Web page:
Embarking on a journey to move overseas can be both exhilarating and daunting, particularly when it involves relocating your family. Understanding the complexities and challenges of such a transition is crucial, and this is where the insights and experiences of those who’ve walked this path become invaluable. In this article, we delve into the personal narrative of a family’s adventure in moving to the UK, offering a blend of practical advice and heartfelt experiences.
For many, the decision to move internationally begins with choosing reliable moving overseas companies. These companies provide the backbone for a smooth transition, handling the logistics from packing to shipping, ensuring your belongings arrive safely at your new home. The role of overseas removalists in this process is indispensable. At Overseas Packers & Shippers, we offer tailored overseas moving services that cater to the unique needs of each family, simplifying what could otherwise be an overwhelming experience.
Moving to the UK, with its rich cultural heritage and diverse opportunities, is a dream for many families. However, the journey involves more than just dealing with the logistics of moving overseas shipping. It’s about adapting to a new culture, finding a community, and creating a home away from home. This article not only addresses these practical aspects but also touches on the emotional journey of uprooting a family and planting new roots in a foreign land.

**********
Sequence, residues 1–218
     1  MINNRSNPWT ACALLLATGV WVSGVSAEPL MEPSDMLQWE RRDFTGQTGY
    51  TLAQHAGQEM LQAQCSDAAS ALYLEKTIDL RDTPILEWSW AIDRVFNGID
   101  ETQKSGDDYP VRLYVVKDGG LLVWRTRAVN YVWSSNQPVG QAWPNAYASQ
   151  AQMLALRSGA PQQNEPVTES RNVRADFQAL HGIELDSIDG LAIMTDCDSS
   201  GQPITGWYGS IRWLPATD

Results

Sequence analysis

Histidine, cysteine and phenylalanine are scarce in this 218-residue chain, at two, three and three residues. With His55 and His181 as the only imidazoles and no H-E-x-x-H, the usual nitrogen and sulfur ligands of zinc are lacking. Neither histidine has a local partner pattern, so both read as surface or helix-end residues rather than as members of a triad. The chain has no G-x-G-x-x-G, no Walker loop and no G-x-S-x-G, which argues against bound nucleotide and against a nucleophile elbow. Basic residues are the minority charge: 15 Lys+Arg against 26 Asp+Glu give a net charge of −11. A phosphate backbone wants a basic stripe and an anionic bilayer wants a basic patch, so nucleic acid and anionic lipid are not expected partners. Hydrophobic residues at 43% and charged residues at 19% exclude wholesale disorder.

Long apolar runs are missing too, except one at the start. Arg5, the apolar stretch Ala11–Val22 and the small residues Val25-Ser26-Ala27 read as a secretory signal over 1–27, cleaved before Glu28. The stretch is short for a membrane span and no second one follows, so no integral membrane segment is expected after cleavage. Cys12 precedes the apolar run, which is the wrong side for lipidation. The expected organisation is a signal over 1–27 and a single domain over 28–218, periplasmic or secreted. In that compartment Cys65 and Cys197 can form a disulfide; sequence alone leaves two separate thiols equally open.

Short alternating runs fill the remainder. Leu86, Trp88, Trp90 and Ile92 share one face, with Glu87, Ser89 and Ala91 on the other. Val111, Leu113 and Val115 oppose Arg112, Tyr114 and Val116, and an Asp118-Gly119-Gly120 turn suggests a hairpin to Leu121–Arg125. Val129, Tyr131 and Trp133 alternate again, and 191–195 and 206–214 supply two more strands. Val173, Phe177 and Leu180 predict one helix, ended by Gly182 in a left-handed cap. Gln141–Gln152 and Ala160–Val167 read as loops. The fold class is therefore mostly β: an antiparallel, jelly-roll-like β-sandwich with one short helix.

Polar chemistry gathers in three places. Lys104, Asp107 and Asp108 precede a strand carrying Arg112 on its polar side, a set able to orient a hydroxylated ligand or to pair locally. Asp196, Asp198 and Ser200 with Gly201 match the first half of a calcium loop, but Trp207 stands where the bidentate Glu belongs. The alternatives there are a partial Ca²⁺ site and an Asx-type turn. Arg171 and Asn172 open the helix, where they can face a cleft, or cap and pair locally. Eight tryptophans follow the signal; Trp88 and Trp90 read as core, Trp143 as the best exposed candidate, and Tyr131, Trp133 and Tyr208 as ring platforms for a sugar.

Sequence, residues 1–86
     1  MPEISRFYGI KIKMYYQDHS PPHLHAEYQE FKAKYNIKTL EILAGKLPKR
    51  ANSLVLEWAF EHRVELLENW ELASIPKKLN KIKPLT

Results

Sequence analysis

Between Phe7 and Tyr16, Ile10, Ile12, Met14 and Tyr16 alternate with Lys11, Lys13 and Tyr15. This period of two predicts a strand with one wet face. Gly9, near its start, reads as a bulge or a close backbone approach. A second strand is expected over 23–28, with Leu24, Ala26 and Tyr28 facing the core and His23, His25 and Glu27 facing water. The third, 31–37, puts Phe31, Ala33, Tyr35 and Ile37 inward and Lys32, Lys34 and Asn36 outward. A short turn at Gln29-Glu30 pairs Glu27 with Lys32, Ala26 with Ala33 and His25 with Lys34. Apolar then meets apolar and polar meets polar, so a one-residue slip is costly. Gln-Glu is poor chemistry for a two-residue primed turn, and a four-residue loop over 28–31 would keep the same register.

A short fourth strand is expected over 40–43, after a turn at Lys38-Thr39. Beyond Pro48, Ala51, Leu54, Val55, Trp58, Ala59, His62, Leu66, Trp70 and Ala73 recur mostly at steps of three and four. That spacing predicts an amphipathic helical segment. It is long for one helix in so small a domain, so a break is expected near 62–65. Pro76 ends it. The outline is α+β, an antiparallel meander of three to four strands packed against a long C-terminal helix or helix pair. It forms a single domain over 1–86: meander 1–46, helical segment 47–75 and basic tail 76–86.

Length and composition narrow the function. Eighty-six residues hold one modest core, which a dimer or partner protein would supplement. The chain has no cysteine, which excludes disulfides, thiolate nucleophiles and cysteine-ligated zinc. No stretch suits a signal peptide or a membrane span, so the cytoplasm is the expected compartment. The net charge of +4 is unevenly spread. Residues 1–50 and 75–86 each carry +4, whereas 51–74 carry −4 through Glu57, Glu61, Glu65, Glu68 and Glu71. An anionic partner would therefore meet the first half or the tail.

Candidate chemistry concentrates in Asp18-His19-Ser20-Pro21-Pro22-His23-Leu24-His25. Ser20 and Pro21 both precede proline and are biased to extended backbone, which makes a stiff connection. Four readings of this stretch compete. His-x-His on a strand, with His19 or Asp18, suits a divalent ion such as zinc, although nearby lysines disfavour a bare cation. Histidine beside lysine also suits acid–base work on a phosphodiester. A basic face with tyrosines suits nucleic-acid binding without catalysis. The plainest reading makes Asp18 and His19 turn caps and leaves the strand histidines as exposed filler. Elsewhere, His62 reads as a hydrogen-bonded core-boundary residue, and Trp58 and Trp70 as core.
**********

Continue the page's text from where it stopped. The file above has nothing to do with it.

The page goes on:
Meghan Fenn’s account provides an authentic glimpse into the joys and challenges of raising a family overseas. Her story is not just informative but also inspiring, offering a roadmap for those contemplating a similar journey. Whether you’re at the early stages of considering moving overseas or in the midst of planning your transition, this article is a must-read, offering both guidance and reassurance for the road ahead.
1. What was it like moving to a new country?
Moving to England was my 3rd move in six years. Right after I graduated from University, I accepted a teaching job at the University of Prague and I ended up staying there for a couple of years. Then I moved to Tokyo to teach and lived there for two and a half years. So when I moved to England, it wasn’t a total shock in terms of moving to a new country. However, I did experience a huge amount of culture shock because of my expectations. Since I had been living in Japan, I had expected moving to England to be similar to moving back to the US (to a western culture). I was completely shocked at how different England was to America. I wasn’t prepared for that and it took me a long time to come to terms with what was happening and then several more years to start to feel happy and at home in England.
2. What were some challenges you faced that no one told you about/you didn’t expect?